Come out, come out, wherever you are. For the parents of a Mormon missionary from Utah in the United States, that phrase has new meaning. For the last twelve years, Kathleen and Roy Sneddon hoped and prayed their son, David, lived. In 2004, Chinese officials in Yunnan province informed the Sneddons that their then 24-year-old son had died while hiking the Tiger Leaping Gorge, a famed tourist spot on the Jinsha River. However, they did not recover David’s body, leaving open the possibility that there was more to the story. A new report suggests that David is alive and well – in North Korea.
David was last seen August 14, 2004, leaving a Korean restaurant in Shangi-La. Twelve days later he failed to show up for a meeting at an airport in Seoul and was reported missing. When Chinese officials reported him dead, his family was unsure. They feared the Chinese government had thought David was a smuggler, helping North Koreans escape the hermit kingdom through an underground railroad network. After traveling to China and passing out flyers bearing David’s face, the Sneddons received an invitation to share their story on the Voices of America radio show.
The international broadcast eventually led a South Korean to call David’s parents. Roy and Kathleen learned the man’s wife was a recent North Korean defector. Her network of associates agreed that there was an American, living in Pyongyang, who matched David’s description. Subsequent investigations by a Yahoo News Japan reporter confirmed the claims, going so far as to pronounce that the American in question is David. The reporter found evidence to show that, beginning in 2005, David Sneddon became the personal English teacher to Kim Jong-un. Not yet Supreme Leader, the son of Kim Jong-il needed tutoring and David’s fluency in Korean made him an attractive teacher. While no longer connected to North Korea’s ruler, David continues to teach English in the capital city and has a wife and two children.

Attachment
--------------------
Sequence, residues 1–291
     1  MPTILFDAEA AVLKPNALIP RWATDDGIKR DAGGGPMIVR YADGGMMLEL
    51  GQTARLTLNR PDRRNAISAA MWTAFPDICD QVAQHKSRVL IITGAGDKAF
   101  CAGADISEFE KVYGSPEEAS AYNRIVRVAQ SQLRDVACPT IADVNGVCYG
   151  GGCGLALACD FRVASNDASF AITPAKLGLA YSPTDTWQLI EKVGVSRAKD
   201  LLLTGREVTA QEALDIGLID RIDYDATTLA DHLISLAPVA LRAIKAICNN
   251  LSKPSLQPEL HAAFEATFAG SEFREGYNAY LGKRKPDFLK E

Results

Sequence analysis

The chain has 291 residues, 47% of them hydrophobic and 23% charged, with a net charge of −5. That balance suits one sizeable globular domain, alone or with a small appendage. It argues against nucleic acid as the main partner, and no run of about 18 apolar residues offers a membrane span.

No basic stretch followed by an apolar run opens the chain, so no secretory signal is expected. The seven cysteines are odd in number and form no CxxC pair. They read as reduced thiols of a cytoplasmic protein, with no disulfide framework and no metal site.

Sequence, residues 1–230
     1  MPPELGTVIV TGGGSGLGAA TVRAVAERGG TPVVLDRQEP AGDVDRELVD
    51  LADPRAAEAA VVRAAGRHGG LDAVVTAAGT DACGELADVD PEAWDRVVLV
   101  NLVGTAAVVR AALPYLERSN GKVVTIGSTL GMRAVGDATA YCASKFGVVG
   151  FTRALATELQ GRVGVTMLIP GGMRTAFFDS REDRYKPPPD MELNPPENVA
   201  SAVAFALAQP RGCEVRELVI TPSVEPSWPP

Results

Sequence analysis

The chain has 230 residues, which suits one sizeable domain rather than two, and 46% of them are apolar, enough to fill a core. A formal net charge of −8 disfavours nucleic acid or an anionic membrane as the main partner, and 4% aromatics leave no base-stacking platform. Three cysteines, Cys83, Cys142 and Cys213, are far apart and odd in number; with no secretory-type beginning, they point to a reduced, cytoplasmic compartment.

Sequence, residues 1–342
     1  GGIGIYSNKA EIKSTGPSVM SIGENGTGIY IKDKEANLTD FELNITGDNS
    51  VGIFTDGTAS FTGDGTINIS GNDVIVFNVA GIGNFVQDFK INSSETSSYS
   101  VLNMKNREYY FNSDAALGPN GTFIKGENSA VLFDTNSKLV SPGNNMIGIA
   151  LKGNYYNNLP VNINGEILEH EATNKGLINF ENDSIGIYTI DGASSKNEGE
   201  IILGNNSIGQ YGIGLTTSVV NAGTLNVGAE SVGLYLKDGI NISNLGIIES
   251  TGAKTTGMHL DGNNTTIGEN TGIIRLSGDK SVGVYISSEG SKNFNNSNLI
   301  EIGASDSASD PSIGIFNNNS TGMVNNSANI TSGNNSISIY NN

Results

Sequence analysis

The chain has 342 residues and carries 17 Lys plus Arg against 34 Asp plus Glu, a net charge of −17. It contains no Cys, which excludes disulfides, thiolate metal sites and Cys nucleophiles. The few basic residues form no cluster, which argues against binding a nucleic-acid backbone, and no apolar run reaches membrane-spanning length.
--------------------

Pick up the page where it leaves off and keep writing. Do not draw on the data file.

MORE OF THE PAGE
While American politicians work to verify the truth of the claims, David’s parents are hopeful they may eventually see their son again. According to the Committee for Human Rights in North Korea, the communist nation has a history of kidnapping foreigners. By Japan’s count, North Korea kidnapped 17 of its citizens during the reign of Kim Il sung. South Korea counts nearly 4,000 kidnapped citizens since the 1953 Korean Armistice. Among those kidnapped were the actor-director couple of Choi Eun-hee and Shin Sang-ok. From 1978-1986, the two made propaganda films for the Workers Party of Korea. This total included Pulgasari, a Godzilla-inspired movie about a monster created by a blacksmith to kill an evil king. Eventually, when attending a film festival in Vienna, Choi and Shin escaped. Hopefully Kim Jong-un sends David Sneddon to a spelling bee where he, too, can make a break for freedom.